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NASA's Johnson Space Center in Houston got about 800 doses in October and 1,400 more in November, some of which were sent on to other NASA operations. At Johnson, doses were offered first to employees in priority groups, but NASA also set aside doses for healthy astronauts and their families.
Some doctors' offices gave it to healthy patients if people at risk didn't show up, said Dr. Jim Lederer, an official with Novant Health, a North Carolina-based hospital system.
Merck got 200 doses in October and 200 in November at its corporate headquarters in New Jersey. A Boeing Co. site in Washington state received 100 doses in mid-October and 100 more the next month. A Hovensa oil refinery in the Virgin Islands got 500 doses in early November, a Nucor Steel plant in South Carolina was given 100, and Hallmark Cards Inc. in Kansas City received 100.
Some of the eyebrow-raising shipments to Wall Street firms like Goldman Sachs came to light last year. The New York Stock Exchange got 200 doses by late October. Morgan Stanley in Purchase, N.Y., received 1,000 doses by early November, though the company said it turned over its entire supply to local hospitals when it learned it got shipments before some area hospitals.
In Georgia, nine prisons and jails got 2,300 doses in October and November. Corrections officials were worried that swine flu would spread fast in crowded lockups.
CDC records show only where initial shipments of 100 doses or more were sent -- not where they all wound up, since that was up to state and local health officials.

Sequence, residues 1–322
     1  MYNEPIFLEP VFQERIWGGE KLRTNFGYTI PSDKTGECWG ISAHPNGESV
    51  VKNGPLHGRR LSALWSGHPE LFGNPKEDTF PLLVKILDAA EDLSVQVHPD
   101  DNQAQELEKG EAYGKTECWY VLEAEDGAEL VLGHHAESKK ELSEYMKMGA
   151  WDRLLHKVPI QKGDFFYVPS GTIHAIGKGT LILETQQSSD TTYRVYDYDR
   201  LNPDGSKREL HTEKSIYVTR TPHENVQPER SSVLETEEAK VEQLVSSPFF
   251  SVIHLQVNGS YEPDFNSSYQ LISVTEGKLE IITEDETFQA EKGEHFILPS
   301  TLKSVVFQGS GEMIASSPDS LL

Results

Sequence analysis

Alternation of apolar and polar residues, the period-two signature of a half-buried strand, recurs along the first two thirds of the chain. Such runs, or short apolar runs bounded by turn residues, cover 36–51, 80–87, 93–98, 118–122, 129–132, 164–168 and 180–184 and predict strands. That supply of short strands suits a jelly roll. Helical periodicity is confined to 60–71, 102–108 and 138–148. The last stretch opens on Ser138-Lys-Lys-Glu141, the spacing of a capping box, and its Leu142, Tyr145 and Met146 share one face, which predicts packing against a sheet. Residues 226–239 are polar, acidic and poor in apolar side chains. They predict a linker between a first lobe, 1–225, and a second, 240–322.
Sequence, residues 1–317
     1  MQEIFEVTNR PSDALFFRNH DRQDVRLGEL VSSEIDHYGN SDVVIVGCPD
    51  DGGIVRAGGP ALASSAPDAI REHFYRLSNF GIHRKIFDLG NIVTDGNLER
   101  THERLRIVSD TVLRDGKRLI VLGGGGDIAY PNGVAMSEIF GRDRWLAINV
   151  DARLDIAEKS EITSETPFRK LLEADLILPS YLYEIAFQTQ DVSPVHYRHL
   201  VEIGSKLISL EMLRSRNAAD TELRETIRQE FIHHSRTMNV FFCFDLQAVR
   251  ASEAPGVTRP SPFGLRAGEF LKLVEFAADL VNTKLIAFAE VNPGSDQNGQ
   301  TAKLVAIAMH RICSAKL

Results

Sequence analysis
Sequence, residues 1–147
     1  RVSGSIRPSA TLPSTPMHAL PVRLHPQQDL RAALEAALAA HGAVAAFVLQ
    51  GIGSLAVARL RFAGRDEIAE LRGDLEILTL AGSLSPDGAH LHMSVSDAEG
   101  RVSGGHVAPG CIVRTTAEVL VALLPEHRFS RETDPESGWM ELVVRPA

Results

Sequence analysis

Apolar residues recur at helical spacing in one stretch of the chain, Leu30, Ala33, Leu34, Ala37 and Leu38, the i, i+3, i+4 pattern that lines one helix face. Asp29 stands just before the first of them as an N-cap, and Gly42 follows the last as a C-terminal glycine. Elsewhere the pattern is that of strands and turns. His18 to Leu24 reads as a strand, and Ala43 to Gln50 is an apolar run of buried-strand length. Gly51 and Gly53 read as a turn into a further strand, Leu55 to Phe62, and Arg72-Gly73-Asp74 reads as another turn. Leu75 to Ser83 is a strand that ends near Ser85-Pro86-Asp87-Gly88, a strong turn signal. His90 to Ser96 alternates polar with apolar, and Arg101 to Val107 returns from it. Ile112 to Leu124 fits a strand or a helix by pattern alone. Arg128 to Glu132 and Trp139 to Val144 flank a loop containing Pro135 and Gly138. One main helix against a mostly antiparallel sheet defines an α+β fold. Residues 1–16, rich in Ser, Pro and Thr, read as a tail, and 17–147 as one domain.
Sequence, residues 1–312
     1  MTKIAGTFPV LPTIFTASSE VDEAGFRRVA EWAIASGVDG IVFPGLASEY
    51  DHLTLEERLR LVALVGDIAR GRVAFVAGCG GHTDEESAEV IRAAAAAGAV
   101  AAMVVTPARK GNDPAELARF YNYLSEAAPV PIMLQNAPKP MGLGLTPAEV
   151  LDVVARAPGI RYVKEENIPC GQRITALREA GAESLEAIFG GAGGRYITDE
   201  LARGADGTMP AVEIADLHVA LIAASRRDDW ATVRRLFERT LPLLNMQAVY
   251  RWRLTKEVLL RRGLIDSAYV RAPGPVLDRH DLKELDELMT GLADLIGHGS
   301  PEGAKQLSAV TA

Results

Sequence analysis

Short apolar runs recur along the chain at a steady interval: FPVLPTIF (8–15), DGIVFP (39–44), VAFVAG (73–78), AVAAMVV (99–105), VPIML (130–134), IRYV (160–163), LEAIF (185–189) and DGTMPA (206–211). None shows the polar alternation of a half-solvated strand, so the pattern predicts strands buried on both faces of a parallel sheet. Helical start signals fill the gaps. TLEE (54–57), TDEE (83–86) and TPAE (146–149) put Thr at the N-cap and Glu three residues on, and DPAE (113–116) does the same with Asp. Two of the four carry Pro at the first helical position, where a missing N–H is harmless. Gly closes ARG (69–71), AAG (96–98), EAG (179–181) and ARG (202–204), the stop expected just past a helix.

To some extent, state and city health departments followed different philosophies. Indiana channeled almost all its vaccine to local health departments. New York City and some states made more use of company health clinics. Which approach worked better is not clear.
Frieden stressed that early shortages were mainly due to manufacturing delays. When the vaccine did come in, getting it out quickly was the top priority -- not making sure every dose got to the most vulnerable people, he said.
The CDC is working out kinks, he added. For example, the agency is replacing a glitchy computerized ordering system that doubled and tripled some of the ordered amounts sent to three states for a couple of weeks.
Given the circumstances, health officials did "a very respectable job," Colgrove said. The assessment might have been harsher had the virus turned out to be more deadly, he added.
"In a way, we really dodged a bullet," he said.
Copyright 2010 The Associated Press. All rights reserved. This material may not be published, broadcast, rewritten or redistributed.
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